It’s glorious how every detail of the opera exposes and critiques that privilege. It’s in the notes that AdÃ¨s gives Letitia (performed with glorious hauteur by Audrey Luna): right at the top of the range, spiked and spindly as a Manolo Blahnik heel and just as capable of lethal damage. It’s in the absurd, ostentatious and unnecessary bustle that protrudes from the back of Sylvia’s dress (costumes and set by Hildegard Bechtler). And it’s scattered through Cairns’ libretto (written in collaboration with Ades), but most pronounced when Sylvia talks of surviving a train derailment, which crushed the third-class carriage “like a concertina”, and how “the pain of those poor common people didn’t affect me at all”; and particularly when her enervated brother Francisco throws a tantrum because there are no coffee spoons available for breakfast, only teaspoons he considers too big. These are people immune to hardship, immune to want, impregnable in their fortress of plenty and oblivious to it – until the impregnability of that fortress is made manifest to them, forcing them to confront their common humanity.
That makes them sound quite hateful, and they might be, if AdÃ¨s treated them with any less sensitivity and indeed fondness. Some of his music, especially as the guests arrive, is all sharp elbows and cut diamond edge, but it softens as their social front collapses, to bring in lilting folk songs, lyrical piano and, in the case of young lovers Eduardo and Beatriz, a sumptuous bed of silk and roses translated into plangent melody. Each voice has its distinctive quality, but some emerge as particularly alluring: the countertenor Iestyn Davies makes Francisco’s anxieties float ethereal, Amanda Echalaz lets slip the carmine desire beneath Lucia’s cool poise, and John Tomlinson’s Doctor offers a stout voice of authority unable to take charge against forces beyond his control. “What are the men doing to get us out of this impasse?” Sylvia asks furiously. Well, quite.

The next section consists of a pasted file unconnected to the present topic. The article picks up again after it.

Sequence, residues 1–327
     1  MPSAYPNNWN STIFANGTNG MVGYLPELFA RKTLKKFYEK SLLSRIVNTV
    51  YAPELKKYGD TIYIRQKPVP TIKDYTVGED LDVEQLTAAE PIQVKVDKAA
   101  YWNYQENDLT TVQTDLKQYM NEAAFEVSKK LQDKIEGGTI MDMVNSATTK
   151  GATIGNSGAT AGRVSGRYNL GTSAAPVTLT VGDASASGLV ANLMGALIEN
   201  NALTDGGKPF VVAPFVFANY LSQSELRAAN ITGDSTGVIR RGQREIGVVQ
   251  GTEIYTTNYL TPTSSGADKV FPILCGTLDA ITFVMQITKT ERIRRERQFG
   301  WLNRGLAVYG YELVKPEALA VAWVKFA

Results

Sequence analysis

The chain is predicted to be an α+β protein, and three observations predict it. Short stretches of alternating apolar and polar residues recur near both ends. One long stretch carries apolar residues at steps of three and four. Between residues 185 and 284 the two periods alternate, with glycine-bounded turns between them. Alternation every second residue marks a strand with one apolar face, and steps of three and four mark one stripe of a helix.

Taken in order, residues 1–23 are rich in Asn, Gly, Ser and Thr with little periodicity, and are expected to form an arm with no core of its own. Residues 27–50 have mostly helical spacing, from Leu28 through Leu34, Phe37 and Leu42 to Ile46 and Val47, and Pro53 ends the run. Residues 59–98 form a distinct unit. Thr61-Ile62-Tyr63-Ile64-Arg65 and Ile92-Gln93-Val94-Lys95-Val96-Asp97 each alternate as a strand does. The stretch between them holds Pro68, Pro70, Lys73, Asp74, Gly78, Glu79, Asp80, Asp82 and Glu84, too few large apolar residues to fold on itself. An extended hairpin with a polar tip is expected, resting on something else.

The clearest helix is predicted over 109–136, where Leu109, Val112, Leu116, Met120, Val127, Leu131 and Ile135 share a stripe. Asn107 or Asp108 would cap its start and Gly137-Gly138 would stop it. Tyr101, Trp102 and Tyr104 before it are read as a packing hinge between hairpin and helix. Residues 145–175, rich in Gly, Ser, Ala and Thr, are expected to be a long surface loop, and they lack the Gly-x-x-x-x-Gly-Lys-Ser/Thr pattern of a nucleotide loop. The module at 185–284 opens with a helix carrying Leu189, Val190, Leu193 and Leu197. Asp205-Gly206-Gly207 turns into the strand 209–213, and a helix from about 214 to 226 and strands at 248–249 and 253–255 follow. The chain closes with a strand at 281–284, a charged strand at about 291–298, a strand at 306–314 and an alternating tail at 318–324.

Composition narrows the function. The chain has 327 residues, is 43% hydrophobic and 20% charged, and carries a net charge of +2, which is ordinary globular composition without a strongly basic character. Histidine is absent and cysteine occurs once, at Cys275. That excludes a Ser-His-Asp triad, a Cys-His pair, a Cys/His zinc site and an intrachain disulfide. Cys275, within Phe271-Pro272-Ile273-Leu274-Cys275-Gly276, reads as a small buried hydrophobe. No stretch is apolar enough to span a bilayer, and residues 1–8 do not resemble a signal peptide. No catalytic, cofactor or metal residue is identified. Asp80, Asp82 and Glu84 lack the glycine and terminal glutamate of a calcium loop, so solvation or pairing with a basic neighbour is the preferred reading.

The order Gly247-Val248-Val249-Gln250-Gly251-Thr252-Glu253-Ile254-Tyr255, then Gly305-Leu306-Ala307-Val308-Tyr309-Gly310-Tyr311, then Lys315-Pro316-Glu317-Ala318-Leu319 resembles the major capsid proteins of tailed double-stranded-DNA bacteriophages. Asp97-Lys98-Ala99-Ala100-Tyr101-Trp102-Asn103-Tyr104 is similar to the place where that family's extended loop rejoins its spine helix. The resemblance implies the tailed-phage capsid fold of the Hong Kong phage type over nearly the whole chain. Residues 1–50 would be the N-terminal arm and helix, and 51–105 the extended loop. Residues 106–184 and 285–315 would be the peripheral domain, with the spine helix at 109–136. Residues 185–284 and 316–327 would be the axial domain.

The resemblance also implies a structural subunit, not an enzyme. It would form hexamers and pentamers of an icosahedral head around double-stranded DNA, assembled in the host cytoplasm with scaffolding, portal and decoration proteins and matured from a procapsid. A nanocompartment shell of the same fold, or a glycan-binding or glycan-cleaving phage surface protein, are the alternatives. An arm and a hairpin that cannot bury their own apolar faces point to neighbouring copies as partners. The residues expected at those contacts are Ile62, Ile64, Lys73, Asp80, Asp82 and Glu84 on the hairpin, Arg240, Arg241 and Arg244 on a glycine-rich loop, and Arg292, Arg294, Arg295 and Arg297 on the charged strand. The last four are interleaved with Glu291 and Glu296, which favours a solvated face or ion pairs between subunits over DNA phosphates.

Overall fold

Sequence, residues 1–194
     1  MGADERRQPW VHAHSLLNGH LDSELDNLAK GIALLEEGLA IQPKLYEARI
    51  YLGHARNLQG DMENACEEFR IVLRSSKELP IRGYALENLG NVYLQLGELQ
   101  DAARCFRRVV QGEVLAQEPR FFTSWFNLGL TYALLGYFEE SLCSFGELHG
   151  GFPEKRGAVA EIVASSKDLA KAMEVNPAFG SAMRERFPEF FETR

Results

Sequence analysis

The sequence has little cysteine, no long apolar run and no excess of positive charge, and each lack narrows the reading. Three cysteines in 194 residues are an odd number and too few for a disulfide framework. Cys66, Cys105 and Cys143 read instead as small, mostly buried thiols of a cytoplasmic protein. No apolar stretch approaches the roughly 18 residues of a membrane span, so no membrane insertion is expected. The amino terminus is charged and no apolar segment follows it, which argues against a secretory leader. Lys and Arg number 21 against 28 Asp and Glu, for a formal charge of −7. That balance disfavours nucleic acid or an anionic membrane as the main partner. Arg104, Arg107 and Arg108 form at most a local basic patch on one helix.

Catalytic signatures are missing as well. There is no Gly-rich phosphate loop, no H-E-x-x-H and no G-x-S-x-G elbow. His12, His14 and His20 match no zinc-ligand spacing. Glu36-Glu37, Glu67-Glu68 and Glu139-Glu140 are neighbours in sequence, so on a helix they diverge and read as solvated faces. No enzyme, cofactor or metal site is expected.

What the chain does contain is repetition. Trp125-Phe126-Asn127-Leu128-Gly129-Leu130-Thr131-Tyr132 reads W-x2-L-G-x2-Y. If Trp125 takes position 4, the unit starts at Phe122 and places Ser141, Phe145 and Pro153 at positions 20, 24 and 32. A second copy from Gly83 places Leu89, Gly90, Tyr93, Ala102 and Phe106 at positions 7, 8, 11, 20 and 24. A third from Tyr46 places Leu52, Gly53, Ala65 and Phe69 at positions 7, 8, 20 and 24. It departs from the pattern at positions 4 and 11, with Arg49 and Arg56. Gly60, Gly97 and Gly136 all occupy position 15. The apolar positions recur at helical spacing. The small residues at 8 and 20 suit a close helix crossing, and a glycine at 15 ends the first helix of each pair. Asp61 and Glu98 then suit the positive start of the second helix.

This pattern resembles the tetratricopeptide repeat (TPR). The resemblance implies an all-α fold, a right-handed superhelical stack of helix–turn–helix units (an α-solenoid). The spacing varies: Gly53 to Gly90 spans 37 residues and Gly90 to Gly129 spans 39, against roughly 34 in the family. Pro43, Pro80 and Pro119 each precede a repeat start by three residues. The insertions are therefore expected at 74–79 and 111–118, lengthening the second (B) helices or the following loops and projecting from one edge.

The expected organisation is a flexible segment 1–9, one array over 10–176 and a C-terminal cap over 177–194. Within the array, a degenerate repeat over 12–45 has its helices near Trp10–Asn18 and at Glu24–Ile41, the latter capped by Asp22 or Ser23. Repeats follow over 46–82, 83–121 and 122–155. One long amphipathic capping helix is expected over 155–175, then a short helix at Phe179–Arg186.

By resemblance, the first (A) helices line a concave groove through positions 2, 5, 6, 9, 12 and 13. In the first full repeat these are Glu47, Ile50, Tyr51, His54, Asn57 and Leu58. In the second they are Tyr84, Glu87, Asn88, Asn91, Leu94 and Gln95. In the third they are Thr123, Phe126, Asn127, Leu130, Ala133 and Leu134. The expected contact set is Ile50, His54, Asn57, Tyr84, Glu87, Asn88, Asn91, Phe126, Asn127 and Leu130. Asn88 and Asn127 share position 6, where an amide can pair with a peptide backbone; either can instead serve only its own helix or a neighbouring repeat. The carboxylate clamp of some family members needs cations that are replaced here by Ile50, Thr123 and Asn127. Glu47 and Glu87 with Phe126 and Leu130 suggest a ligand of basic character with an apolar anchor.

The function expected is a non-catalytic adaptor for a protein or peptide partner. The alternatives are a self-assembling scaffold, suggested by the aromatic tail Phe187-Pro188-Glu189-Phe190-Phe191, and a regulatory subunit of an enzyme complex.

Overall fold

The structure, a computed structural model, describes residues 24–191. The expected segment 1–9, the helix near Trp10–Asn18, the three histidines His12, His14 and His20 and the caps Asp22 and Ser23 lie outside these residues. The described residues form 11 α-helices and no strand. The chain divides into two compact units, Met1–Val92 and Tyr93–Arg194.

The most enticing character of all is the exterminating angel itself: that mysterious force given eerie voice by Cynthia Millar on the ondes martenot. These passages are a triumph of library nerdery and Twilight Zone shiver: even with Millar fully in sight – she sits not in the pit but a box on the side, accompanied by the harpist and a flamenco guitarist, an unlikely combination that AdÃ¨s takes unabashed glee in throwing together – the sounds she coaxes from the instrument are bewildering in their familiar strangeness. It is the opera singer ultimately who finds the route to escape, but AdÃ¨s doesn’t let anyone off the hook that easily: the sense of unease creeps out of the room and on to the streets, where the toll of the bell is replaced by the rat-a-tat percussion of rifles and the echoing cries of “down with the pigs, down with the pigs”.
Just as, by presenting itself within the framework of surrealism, BuÃ±uel’s film resisted simplistic interpretation, so too does the opera. And yet, there are a couple of gorgeous interviews with AdÃ¨s out there, one in the FT, in which he talks about the freedom of knowing you are trapped, and says, “Make no mistake, this opera is about ‘you’, whoever you think that is”; and another in the Guardian, in which he says: “It’s about the end of the world – it’s very catastrophic. We don’t get that so often in Britain – although it might be happening now.” That interview took place in July last year, and since then the UK has only felt more horrific: more of a cage, in fact, its walls caving inwards, and those of us who believe in common humanity and shared endeavour and kindness and generosity more suffocated by living here.
Even if it changes nothing, to see an opera challenging the status quo, reducing them – in Nobile’s own words – to “bestiality, violence, filth, everything I’ve hated since childhood”, simply by locking them in their own gilded palace from which they must needs find a way out and return to the world, is an experience of great satisfaction.
The Exterminating Angel is at the Royal Opera House until May 8th. For more details, click here.